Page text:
When I get frustrated, I frequently post to Facebook, or to my blog. As I’ve discussed before, my friends and readers want desperately to feel of use, to do or say something that might help the situation. The current favorite is to tell me to report Dr. WLS to “the medical boards”. They post links that take a few minutes of googling to find. I breathe in, because I, too, have google and have looked at those same pages, usually before you post them. I breathe out, because I know that they did that because they love me and want me to be happy and well. But what I can’t seem to communicate effectively is that my medical situation is a big tangled web, and the only person who really knows how it all works is me. I’m willing to share it with someone who really wants in, but being in means a lot more than reading my blog and trading a few emails. It means going with me to the doctor’s appointments to hear what they’re saying. It means personally understanding what it’s like to have doctor’s appointments three days a week when you don’t drive, and most of them would cost more than $50 by taxi. It means understanding that I, too, have Google, and do actually spend time researching things like where to effectively complain about Dr. WLS.

You'd think this is an exaggeration, but replace Blondie here with a fuzzy haired Del and it's about accurate, books and all.

I breathe in for all those who hate Dr. WLS for what he’s done to me, and I breathe out patience. Yes, technically I could probably seek out another surgeon to take over my aftercare. But they aren’t the surgeon who performed the surgery, and therefore they’d be relying on whatever Dr. WLS tells them (and not me, because I am not a surgeon). This is what I was told when I cold-called another general surgeon about possibly being seen as a ‘second opinion’. Starting from scratch with a brand new doctor in any situation is difficult, and I know this because I’ve seen five different neurologists, two different infectious disease doctors, two different primary care physicians, etc. So in the end, I choose to get frustrated and abused by Dr. WLS then go through the rigamarole of seeking out a different surgeon. If this means you’d like me to stop complaining about him, because it’s my choice to see him, then I will.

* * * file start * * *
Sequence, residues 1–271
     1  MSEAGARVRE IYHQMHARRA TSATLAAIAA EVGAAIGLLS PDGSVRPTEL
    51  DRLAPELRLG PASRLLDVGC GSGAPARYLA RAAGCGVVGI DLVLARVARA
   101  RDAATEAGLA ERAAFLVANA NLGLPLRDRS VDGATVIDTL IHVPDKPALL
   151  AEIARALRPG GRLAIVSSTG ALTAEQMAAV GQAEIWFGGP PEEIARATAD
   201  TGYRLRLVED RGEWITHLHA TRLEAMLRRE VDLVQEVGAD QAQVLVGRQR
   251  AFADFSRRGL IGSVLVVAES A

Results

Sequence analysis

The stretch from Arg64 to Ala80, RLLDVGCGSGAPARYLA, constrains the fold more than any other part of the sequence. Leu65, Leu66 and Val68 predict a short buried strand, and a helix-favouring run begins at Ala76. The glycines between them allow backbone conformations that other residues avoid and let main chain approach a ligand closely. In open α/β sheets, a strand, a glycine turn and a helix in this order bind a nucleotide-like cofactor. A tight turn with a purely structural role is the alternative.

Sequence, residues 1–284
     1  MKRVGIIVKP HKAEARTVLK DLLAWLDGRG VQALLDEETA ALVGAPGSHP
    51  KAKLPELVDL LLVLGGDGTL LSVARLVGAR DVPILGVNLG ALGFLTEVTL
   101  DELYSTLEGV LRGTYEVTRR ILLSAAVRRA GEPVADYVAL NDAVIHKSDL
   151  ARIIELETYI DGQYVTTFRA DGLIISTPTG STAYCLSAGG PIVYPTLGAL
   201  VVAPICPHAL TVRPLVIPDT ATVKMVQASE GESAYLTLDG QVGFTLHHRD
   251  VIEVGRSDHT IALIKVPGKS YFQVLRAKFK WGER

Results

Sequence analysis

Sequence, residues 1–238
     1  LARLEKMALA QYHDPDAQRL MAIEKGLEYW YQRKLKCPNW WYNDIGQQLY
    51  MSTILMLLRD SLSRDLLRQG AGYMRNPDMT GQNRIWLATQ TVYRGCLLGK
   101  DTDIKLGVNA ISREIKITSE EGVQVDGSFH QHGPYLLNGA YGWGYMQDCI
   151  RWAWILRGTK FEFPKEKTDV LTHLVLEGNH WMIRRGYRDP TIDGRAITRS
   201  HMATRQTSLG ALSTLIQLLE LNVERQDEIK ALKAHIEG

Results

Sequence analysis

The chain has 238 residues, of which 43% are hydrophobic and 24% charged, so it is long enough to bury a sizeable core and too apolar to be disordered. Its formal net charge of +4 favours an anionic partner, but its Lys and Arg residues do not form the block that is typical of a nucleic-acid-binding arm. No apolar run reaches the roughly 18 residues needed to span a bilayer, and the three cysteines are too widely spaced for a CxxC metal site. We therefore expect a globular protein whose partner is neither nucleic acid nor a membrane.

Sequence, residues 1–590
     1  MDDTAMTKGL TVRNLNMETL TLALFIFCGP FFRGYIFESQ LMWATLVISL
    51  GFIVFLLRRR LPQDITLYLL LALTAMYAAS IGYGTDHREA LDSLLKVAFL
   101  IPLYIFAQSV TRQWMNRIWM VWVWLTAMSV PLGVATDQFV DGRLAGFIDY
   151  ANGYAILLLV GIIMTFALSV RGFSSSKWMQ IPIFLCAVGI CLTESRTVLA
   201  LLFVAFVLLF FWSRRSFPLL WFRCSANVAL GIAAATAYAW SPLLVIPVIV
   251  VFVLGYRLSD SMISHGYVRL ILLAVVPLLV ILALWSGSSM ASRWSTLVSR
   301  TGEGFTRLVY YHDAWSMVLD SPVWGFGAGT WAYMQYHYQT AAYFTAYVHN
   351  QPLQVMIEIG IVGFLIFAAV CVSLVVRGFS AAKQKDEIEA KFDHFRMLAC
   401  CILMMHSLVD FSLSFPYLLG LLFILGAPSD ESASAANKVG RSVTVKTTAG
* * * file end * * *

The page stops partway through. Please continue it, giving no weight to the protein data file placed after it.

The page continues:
I try to illustrate my current medical situation this way: Imagine a Del. Now imagine over the Del’s head are a series of balloons. Each one represents one of the medical situations I’m currently facing. One balloon says, “Emergency ab surgery/recovery/scar in a place on the body under a lot of stress/too much edema”. Another balloon says, “Unexplained chronic pain”. Another says, “Needs a D&C and ablation or could get cancer.” Another one is labeled “Has inactive TB, which could go active at any moment, and really the only organ we know how to help if it gets attacked is the lungs. Also, you have a history of infection, so it’s likely to go active.”

Kinda like this.

For any one person, this balloon (pick one) would be their entire existence. They would be focusing all of their free time on researching what to do, contacting doctors, going to doctor’s appointments, taking whatever treatments are prescribed, and changing their lifestyle to accommodate this balloon. I don’t have that luxury. I have too many balloons, so many that they’re threatening to carry me away to a place called Death. I’m doing as much as I can to keep up, without forgetting that I’m also a human being that needs to eat and sleep and spend time with friends and watch Glee and feel normal from time to time.

Maybe you’d handle it differently. Maybe you’d go all gangbusters and spend every waking minute doing whatever it takes. I can’t, because I feel like crap and I’m tired all the time and I’m in a lot of pain and there’s only so many kinds of effort I can give before I can’t anymore. In the end, it’s my body and my life and I have to do with it what I think is right, and many times I choose the “feel like a normal human being” over the “holy crap balloons”. On average, I have at least one doctor’s appointment a week (these days, it’s closer to two or three). I make at least six phone calls, emails, or other forms of contact dealing with my medical situation a day. I spend an hour or two with Google, looking related tI hings up (everything from who to send the complaint letter to about Dr. WLS that will actually matter, to how other people dealing with chronic pain cope with the added discomfort of surgical pain, to how long I can put off that D&C until I’m really risking cancer).

But for now, I will breathe in all of your frustrations, all of your desires to be of use, and to be helpful, and the feeling I know intimately of seeing someone you care about suffer and know there is nothing you can do. I breathe out love, and patience, and compassion, and understanding. I do love all of you, even when you drive me a little bonkers.


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The Dreaded Follow Up

April 12, 2012 at 3:28 pm (Hospitalizations, Medical) (, , , , , , )